New Retro Vault: Super Win the Game
Super Win the Game is the followup to sleeper hit You Have to Win the Game, upgrading its visuals from the CGA to the NES era, and gameplay from the silent movie era to something resembling the Zelda II era. It’s a solid step up in many ways, but also a sideways one – it’s bigger and better than the original but was nowhere near as popular. Here’s Wot I.. er, I mean, read on to find out more.
You Have to Win the Game was a bit of an indie hit, coming out of nowhere with its unassuming CGA graphics and silent, retro exploration platforming, it garnered a bit of a buzz in the indie world.
So, not surprisingly, developer Minor Key Games was motivated to put together a commercial sequel that was bigger and better in every way. And Super Win the Game is certainly bigger, with multiple platforming dungeons linked by a traversable world map very similar to Zelda II. Gameplay is fleshed out too, NPCs to interact with, abilities to acquire, and secrets to find. The trademark curved CRT monitor effect also makes a return, now customisable with various settings.
In Super Win the Game, much like most video game worlds, the land is in turmoil. Also much like video game worlds, everyone is pretty much content to sit and leave it up to some random kid, with no qualms about having him go off into dungeons alone to possibly die a horrible death. Luckily for them, despite the foreboding setting, the world of Super Win the Game is chirpy and bright. The lack of direct combat means that even though you can “die”, the fact that you’ll never have to “fight” something means there isn’t quite the same feeling of danger as in the typical dungeon crawler. The world is relatively open and packed with secrets, seemingly in ever corner, too. All these things lend a much more pleasant vibe to the proceedings, like a bizarro version of Zelda II or Simon’s Quest that was all about finding items and secrets and not hours of grinding against annoying shielded skeleton warriors.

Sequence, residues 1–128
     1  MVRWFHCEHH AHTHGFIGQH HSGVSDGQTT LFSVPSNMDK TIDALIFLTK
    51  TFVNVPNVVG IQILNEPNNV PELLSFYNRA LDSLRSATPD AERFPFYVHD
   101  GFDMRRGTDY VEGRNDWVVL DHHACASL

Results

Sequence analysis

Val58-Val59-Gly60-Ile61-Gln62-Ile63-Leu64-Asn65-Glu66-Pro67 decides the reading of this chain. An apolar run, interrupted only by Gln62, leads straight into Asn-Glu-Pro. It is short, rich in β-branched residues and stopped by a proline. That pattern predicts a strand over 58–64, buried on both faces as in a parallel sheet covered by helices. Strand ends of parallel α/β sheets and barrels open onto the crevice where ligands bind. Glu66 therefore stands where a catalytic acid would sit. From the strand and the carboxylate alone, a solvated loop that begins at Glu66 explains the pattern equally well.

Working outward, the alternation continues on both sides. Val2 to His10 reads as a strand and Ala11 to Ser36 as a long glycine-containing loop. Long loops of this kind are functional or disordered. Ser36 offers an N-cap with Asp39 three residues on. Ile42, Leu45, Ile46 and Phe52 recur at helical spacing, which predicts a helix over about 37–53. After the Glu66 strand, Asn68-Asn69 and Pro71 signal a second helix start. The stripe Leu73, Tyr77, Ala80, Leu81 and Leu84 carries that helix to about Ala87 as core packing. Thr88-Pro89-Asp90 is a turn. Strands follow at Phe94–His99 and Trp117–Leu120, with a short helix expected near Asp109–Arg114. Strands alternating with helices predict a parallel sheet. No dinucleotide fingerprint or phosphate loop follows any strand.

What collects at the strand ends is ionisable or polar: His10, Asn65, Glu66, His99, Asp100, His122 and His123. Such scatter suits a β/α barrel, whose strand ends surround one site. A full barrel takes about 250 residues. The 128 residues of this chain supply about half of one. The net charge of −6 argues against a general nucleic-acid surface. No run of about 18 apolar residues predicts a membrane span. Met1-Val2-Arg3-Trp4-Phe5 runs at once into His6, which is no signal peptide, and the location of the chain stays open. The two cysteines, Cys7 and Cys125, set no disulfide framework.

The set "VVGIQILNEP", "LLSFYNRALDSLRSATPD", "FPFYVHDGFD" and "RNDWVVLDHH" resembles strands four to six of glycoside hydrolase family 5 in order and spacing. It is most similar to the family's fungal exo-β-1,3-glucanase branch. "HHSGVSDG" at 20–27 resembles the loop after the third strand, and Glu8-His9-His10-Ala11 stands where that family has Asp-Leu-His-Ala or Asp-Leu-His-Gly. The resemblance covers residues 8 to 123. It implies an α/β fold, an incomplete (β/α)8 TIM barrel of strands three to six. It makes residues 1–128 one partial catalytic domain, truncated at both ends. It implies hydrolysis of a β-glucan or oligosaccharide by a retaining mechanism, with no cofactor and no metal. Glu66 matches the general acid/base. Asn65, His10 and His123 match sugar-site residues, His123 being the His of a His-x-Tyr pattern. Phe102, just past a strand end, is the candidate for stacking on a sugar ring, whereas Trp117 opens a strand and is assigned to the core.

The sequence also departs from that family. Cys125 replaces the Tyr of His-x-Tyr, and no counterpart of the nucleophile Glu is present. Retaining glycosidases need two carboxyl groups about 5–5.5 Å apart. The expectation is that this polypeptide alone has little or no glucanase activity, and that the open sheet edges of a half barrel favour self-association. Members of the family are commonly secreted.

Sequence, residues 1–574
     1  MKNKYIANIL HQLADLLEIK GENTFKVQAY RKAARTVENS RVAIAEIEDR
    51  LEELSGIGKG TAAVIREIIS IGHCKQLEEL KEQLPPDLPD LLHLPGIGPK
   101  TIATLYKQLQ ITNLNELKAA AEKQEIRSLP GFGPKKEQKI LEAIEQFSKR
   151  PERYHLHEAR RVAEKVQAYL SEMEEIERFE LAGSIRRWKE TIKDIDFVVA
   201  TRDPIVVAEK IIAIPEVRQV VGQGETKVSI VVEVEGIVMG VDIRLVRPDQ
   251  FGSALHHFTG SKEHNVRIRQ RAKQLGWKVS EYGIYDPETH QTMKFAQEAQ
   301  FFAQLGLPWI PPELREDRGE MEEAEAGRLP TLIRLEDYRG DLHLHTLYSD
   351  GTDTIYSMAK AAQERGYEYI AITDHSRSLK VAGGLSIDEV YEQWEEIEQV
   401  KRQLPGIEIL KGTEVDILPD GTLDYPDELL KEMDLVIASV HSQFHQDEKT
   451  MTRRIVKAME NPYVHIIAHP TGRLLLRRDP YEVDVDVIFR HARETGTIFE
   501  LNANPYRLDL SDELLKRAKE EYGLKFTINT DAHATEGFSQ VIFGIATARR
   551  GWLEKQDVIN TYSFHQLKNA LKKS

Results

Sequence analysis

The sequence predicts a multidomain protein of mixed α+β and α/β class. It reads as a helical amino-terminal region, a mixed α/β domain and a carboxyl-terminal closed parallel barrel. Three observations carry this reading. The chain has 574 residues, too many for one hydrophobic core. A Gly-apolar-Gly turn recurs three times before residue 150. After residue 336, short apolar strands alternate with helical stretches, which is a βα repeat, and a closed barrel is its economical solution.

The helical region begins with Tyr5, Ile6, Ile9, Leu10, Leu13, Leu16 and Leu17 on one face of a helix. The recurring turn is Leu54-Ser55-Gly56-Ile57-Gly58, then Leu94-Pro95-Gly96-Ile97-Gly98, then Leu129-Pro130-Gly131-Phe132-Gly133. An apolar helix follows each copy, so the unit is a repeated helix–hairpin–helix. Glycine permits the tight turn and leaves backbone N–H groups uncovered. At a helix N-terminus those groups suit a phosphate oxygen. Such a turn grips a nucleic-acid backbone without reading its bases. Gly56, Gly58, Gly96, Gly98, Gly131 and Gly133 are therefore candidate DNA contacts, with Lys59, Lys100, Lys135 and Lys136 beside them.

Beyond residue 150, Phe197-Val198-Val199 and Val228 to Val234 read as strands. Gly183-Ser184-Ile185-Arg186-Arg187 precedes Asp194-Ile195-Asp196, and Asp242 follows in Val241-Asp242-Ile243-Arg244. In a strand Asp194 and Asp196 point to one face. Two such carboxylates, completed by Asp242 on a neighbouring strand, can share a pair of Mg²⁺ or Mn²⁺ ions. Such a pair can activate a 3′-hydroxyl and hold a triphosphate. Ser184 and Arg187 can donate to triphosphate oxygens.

It should all be a recipe for retro perfection, but somehow… falls slightly short of being so. What’s puzzling here is the fact that it’s hard to say why, though – I thoroughly enjoyed Super Win the Game – and it’s a solid platformer – but here is perhaps a case of “less is more”. By upgrading to bigger and better, Super Win the Game loses some of the key perks of the original – it was a short experience, a quick trip down memory lane that leaves that soft fuzzy feeling in your heart for a day. But, perhaps that was enough – Super Win the Game is a competent sequel, but one that wasn’t needed.
Having said that, is it worth playing? Decidedly so. It’s been quite a while since You Have to Win the Game was released, and a few years after Super Win the Game Like an old teddy that fell off the back of a truck, the first time round it didn’t receive the love it deserved, but Super Win the Game ready to be hugged and find a new home.